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President Obama Tells Hispanic Voters: 'I Can't Fix Immigration Alone'

In an online roundtable meeting Wednesday, President Barack Obama addressed a largely Hispanic audience stating that Republicans lacked the necessary leadership to pass a comprehensive immigration bill.

According to Obama, Democrats would have to change the minds of some Republicans before Congress passed an immigration plan that included a pathway to citizenship and tighter border control.

Democrats are “trying to push Republicans back to where they were just a few years ago,” he stated.

“This notion that somehow I can just change the laws unilaterally is just not true,” Obama said.

The roundtable event “Open for Questions With President Obama” allowed the president to answer direct questions posted by Hispanic readers of Yahoo, MSN Latino, and AOL Latino/Huffington Post Latino Voice.

The meeting allowed Obama to make a case for his new job’s plan, which he believed would benefit the Latino community.

Unemployment among Hispanics is at 11.3 percent, which is higher than the overall average of 9.1 percent.

The roundtable discussion came at a pivotal moment for Obama, as his job approval rating from Hispanics fell to an all-time low in the latest Gallup Poll.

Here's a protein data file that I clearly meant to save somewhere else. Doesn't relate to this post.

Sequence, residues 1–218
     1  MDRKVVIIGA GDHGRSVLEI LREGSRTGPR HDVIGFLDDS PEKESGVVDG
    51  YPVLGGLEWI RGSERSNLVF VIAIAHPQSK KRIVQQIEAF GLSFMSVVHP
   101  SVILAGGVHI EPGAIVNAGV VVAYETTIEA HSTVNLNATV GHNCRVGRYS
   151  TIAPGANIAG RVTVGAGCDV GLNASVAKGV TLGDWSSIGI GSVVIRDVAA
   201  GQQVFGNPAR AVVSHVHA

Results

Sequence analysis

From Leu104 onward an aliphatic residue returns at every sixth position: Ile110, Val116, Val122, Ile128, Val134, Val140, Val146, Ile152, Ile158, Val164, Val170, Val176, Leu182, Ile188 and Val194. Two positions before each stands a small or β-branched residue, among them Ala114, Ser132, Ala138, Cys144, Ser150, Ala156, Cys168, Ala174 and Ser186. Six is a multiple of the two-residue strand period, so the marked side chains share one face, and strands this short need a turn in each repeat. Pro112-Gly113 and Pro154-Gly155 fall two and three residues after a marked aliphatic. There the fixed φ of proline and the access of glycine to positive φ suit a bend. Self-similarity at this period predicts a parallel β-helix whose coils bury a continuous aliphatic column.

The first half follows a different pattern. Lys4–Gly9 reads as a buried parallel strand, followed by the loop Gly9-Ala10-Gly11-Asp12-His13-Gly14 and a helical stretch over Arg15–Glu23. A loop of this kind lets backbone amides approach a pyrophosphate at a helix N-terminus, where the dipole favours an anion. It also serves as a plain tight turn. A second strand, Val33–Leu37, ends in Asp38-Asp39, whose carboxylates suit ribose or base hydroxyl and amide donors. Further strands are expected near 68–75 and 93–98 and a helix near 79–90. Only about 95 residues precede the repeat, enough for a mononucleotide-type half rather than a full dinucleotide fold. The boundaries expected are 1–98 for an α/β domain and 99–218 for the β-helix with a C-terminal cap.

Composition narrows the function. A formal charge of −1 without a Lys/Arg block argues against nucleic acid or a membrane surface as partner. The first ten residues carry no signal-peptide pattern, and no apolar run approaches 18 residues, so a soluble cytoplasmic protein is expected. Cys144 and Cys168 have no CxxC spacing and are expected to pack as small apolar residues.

In January 60 percent of Hispanics approved of Obama’s leadership. However, just 48 percent now approved of how Obama was handling his responsibilities in the oval office.

Furthermore, education for Hispanics is an increasing problem in the United States that is expected to be a huge question in terms of Obama’s prospects for another term in the oval office.

A report released in April 2011 showed that less than 50 percent of Latino children were enrolled in pre-school.

According to the study, just 50 percent of Latino teens earn their high school diploma in four years. In addition, only 13 percent have a college degree.

Hispanics are the largest growing minority group in the country. Many of them are situated in the swing states that Obama would need to win over if he were to succeed in a 2012 election.

In 2008, Obama won two-thirds of the Hispanic vote and looks to continue reining in that support in upcoming elections. This is true particularly for battleground states like Florida, New Mexico, Nevada, and Colorado.

Today's roundtable questions were directed to President Obama live at Jose Siade, Yahoo’s editor-in-chief for U.S. Hispanic and Latin America, moderated the 60-minute event.

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